In Nowhere Boy, Sam Taylor-Wood’s study of the teenage Lennon, McCartney is Thomas Brodie Sangster; a scrawny, quiffed, intimidatingly serious, Teddy-Boy-jacketed music nerd. Nowhere Boy was not very well-received on its release, mainly because the central character didn’t seem much like John Lennon, but the reviewers missed the point; it was a film about how an unfocused and resentful teenager transformed himself into John Lennon. Aaron Johnson’s performance is very interesting. His Lennon is not the cool, dry, deadpan snarker that we’ve seen in nearly every other Beatles film ever. He’s unformed and embryonic; he mostly comes across as an insecure, gauche, tactless, talentless twit, in desperate need of something to pull his life together. He finds it in music, but it’s not until Brodie Sangster walks his cautious way into the movie that Lennon finally comes up against someone who is as serious about music as he is.
Nowhere Boy is the only movie to have dared to portray the primal scene in Beatles mythology, the Meeting of John and Paul. Taylor-Wood plays it very cool indeed. The Quarry Men are doing their shambling thing on the back of a truck when a skinny, round-faced kid in a white jacket is seen in the crowd. He’s with a friend. The friend is smiling, obviously enjoying it. The skinny kid looks at his friend with a certain amount of disbelief. He then looks back at the band, thoughtful, and his brow wrinkles. They’re all right, he seems to be thinking, but they could be a fuck of a lot better.
After the ‘gig’, the Quarry Men are knocking back some ales in the church hall and the friend introduces McCartney: ‘Paul plays too.’ Johnson’s Lennon, playing to his mates, replies, ‘What, with himself?’ and then introduces himself and offers McCartney a beer. McCartney asks for tea, but there isn’t any. He thinks the band is ‘all right’. Lennon decides that if Ivan likes Paul, Paul’s all right. ‘How all right are you on one of those?’ Lennon asks, indicating McCartney’s guitar. ‘I’m all right,’ he says, putting it on. McCartney does a fluent version of ‘Twenty Flight Rock’. Lennon dismisses him as being too young, but in the next scene McCartney has become Musical Adviser, teaching Lennon new chords.
Later, there are two lovely scenes between Johnson and Sangster; one in which Lennon and McCartney, practising in Lennon’s Aunt Mimi’s front porch, because it sounds better there, talk about what they’re into music for. McCartney asks Lennon why he likes ‘smashin’s stuff up and actin’ like a dick’ and admits that he’s in it for the music. Lennon is taken aback to learn that McCartney’s mother is dead. Later still comes a scene after Lennon’s own mother Julia has been killed. McCartney is attending the wake when, being the nerd he is, he picks up Julia’s banjo and starts trying to figure out how it’s played.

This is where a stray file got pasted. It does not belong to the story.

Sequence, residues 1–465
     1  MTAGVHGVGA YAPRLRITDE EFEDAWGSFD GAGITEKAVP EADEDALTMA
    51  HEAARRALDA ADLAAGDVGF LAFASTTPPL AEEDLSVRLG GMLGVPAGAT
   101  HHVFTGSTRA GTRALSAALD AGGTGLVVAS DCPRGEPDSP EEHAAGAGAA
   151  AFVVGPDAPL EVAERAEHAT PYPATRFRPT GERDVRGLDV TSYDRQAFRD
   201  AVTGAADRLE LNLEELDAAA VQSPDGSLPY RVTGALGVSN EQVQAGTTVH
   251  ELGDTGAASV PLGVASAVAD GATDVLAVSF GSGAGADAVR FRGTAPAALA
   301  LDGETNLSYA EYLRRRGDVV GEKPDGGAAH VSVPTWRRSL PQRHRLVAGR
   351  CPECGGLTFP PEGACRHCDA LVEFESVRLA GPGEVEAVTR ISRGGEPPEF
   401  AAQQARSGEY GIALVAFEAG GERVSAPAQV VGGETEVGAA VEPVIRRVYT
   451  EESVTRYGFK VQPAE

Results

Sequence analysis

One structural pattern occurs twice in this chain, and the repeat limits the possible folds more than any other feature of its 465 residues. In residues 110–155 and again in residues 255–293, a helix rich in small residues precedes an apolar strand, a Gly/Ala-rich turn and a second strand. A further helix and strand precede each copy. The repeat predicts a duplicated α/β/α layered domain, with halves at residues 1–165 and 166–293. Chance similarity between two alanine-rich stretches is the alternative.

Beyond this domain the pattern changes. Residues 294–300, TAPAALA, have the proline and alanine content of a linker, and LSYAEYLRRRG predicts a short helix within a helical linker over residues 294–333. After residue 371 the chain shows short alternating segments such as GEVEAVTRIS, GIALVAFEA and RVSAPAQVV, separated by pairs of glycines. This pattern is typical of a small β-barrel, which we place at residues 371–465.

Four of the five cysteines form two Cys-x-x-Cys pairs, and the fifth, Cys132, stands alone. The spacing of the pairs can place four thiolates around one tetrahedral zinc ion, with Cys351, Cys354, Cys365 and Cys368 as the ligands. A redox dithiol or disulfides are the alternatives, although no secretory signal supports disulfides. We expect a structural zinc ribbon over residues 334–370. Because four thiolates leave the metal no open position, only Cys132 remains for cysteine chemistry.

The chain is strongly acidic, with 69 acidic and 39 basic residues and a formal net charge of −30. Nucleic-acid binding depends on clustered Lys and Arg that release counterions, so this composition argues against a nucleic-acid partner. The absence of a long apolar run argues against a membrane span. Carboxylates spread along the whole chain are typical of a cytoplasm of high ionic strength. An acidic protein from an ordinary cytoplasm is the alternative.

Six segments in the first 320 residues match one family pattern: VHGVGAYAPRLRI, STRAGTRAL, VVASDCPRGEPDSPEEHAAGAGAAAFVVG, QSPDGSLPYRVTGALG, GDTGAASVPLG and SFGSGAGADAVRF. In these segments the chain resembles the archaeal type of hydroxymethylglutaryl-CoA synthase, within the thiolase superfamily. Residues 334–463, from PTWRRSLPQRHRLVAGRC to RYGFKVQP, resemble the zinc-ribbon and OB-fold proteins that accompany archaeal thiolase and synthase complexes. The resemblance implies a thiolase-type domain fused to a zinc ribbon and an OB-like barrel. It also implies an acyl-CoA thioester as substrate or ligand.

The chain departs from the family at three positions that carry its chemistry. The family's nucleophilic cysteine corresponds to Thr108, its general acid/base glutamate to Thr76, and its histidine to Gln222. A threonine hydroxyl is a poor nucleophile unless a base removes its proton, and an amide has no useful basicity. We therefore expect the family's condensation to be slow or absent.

John becomes enraged and grabs the banjo off him, and when his friend Pete Shotton tries to intervene, John headbutts him and storms out of the house. Paul runs after him, and dares John to hit him. John punches him in the face. As Paul lies in the street, astonished, John finally realises what a colossal dick he’s been being for most of the film and apologises to Paul, helping him up; the boys embrace and weep, finally finding the common ground they’ve been denying; the loss of their mothers.
It’s this scene that forms the heart of Nowhere Boy, making it the darkest and best Beatles film yet, precisely because nobody in it is attempting to impersonate the Beatles. It’s a film about a bunch of kids, specifically one kid and his relationship with his mum, but also reflecting the way in which even a band as monumental and iconic as the Beatles were once just a bunch of fuckwits knocking around Liverpool.
Whether or not it’s true to what happened is, in a way, neither here nor there. It further reinforces the ways in which the Beatles, like any other music you love, are a way you have of making sense of the world.